god’s gift of freedom

Written by Joe McGarry

I am a Lutheran Pastor (ELCA) in Upstate New York. I am married and have two children. I blog at Lutheran Grilled Cheese about how we connect with God and our daily lives.

May 23, 2011

ReadLuke 12:13-21

There are more times than I would like to admit where I feel guilty about my faith.  These are the times when I don’t pray enough, read the Bible enough or share my faith with others as I think I should. I begin to wonder what God thinks about this — does God look down from above and shake His head in disappointment?  Does God put me on the naughty list?

God could do all of that, but I don’t think that He does because I am reminded throughout scripture that there is nothing that I can do to separate myself from the love of God.  Even if I was to pray, faithfully read scripture daily, sell all my possessions and give the money to the poor that does not matter much when it comes to my salvation.

In this familiar passage from Luke Jesus declares that it is God’s good pleasure to give us the kingdom of God. What God gives us is a gift and gifts, by definition, cannot be earned but only given and received.  The simple promise of God is that God promises to love us unconditionally, to show us mercy, forgiveness, and grace.  This is the heart and the soul of the gospel.

As comforting as this promise may be, there are times when all is not well with soul.  I know I am not perfect in my faith, I know that I fail over and over again and yet I still receive a free gift from God.  But the question that still haunts me day in and day out is, now what?  What should we do?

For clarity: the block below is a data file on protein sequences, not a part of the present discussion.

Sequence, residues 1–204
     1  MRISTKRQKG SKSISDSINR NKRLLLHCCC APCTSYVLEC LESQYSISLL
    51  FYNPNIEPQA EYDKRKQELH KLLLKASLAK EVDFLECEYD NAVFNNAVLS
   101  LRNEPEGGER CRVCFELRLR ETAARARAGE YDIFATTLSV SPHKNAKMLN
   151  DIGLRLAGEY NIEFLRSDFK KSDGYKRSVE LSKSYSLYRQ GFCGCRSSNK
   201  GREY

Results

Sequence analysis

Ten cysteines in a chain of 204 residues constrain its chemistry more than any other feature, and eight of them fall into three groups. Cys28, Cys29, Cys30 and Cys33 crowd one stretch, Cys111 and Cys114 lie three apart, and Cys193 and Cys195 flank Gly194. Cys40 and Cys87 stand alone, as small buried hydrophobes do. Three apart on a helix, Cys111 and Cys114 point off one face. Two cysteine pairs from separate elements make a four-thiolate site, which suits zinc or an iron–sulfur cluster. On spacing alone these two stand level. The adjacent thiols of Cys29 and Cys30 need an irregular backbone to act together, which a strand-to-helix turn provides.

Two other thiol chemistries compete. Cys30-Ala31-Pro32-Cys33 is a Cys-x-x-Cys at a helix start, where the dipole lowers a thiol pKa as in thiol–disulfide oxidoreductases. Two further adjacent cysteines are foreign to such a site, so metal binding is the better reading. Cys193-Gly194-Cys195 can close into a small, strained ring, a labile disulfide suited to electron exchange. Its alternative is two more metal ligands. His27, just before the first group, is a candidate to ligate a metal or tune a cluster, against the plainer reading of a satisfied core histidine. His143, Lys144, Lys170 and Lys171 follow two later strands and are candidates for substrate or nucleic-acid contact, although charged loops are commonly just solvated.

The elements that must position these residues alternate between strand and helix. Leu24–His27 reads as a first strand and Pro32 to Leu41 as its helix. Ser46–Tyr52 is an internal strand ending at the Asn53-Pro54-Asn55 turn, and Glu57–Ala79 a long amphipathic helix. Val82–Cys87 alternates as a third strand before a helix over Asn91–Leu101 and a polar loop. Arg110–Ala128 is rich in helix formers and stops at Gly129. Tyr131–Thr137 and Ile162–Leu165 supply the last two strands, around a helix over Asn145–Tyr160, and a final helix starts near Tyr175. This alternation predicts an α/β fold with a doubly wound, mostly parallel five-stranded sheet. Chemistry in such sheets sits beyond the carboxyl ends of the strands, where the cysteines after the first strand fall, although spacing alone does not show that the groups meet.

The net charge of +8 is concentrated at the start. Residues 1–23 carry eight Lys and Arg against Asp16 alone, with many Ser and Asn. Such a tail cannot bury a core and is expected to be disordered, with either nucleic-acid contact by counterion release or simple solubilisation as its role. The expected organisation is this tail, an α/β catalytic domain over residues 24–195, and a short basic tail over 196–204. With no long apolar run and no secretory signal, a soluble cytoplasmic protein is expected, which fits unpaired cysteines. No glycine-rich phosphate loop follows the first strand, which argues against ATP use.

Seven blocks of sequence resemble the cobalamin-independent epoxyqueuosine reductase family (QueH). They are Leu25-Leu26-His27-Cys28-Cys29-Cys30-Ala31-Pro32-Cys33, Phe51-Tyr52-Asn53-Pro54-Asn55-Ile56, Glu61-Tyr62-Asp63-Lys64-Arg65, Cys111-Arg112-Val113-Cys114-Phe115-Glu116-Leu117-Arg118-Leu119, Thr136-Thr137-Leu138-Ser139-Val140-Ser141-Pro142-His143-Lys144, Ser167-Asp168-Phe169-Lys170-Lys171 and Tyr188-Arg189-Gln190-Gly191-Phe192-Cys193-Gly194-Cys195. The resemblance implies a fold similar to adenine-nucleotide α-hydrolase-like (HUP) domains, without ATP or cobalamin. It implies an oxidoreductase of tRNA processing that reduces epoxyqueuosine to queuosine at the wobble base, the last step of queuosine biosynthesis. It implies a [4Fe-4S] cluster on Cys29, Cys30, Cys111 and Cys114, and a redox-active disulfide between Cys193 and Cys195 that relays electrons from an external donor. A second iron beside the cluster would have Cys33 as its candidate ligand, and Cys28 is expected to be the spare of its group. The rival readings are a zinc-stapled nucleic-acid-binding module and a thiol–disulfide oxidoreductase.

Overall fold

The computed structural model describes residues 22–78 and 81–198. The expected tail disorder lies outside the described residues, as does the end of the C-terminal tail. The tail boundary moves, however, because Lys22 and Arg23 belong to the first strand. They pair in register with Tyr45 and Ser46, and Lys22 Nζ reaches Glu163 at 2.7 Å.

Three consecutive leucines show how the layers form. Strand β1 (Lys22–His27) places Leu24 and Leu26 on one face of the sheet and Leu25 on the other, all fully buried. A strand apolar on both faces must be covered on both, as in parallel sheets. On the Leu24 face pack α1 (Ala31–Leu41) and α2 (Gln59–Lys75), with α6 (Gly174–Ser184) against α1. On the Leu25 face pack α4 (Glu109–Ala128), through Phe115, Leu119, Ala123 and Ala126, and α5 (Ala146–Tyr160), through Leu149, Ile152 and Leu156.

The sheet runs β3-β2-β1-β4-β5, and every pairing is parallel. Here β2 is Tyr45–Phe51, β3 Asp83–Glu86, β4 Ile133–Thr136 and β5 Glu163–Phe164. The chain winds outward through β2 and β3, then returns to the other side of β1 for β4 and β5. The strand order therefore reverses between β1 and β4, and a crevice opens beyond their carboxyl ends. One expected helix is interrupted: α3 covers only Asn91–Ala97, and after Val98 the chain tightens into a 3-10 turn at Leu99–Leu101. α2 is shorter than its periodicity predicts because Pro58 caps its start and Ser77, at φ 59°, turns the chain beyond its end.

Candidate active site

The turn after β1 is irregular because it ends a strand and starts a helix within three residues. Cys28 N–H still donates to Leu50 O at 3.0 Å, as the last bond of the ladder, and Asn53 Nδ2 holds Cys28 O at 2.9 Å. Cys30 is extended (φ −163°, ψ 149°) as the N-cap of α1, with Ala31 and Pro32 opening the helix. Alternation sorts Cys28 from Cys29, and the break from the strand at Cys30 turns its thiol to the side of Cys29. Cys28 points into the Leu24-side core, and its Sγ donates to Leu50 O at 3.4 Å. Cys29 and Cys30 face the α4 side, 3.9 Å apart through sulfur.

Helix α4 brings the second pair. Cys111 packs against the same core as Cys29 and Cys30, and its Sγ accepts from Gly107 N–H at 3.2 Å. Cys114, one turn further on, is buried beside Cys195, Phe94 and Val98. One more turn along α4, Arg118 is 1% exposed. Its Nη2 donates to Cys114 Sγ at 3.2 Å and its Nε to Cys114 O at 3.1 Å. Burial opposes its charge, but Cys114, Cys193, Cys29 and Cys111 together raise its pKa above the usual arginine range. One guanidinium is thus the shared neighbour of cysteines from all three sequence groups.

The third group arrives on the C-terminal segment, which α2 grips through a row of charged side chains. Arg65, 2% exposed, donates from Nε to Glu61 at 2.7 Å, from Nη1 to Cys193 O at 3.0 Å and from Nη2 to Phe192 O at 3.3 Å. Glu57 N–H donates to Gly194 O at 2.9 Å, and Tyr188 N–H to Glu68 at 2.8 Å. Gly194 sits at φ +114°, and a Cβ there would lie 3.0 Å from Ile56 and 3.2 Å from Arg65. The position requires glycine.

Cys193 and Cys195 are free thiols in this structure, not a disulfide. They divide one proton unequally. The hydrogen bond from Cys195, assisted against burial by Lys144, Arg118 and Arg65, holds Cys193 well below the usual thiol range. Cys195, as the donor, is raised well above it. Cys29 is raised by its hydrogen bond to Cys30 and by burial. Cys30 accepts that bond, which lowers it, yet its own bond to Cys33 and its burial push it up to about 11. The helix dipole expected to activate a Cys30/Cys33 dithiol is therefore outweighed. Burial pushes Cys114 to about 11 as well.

The answer is nothing, we don’t have to do anything, but that brings up so many more questions.  Does that mean that we can ignore God?  Does that mean that we don’t have to pray, go to church, read the Bible or love our neighbors as our selves?

Quite simply, “No”

Jesus tells us what this does look like, “it is your Father’s good pleasure to give you the kingdom,” then he goes on to instruct, “Sell your possessions, and give alms. Make purses for yourselves that do not wear out, an unfailing treasure in heaven, where no thief comes near and no moth destroys.” Why, we might ask; to which Jesus answers, “For where your treasure is, there your heart will be also.”

Ahhhh, well that makes sense, however this totally goes against our “don’t do anything” mantra.  It falls apart, of course, because it was based on a faulty premise. Saying “we don’t have to do anything” to earn God’s love is not the same at all as saying “we shouldn’t do anything” in response to God’s love. It is our nature to do something, because like it or not we are always doing something.  So the question is not will we do something but instead what and why.

Because God  gives us freedom and because of this gift, we can live our lives to the fullest.  We are not only freed when it comes to our relationship with God, but we are free to live our life in the world.  But asserting God’s unconditional grace is only one half of the story. We are not only freed from anxiety regarding our relationship with God. We are also freed for life in this world. This, also, is the heart of the gospel promise. We are freed from fear of scarcity so that we can be generous with others.  We are freed from the fear of falling short, of failing, of being unacceptable so that we can live for our neighbors, sharing with others the good news that God is pleased to give us – all of us – the kingdom.

So this is your call in life and my call as well: to love our neighbor, to care for creation, to reach out to those in need, to give for the sheer delight of it, to forgive even as we are forgiven, to embrace the future, and to receive all good things in humility and gratitude. Why? Because we should? No!  But because this is what God wants both from us and for us. But even more, because we can; because this is what God has freed us for.


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god’s gift of freedom

by Joe McGarry time to read: 4 min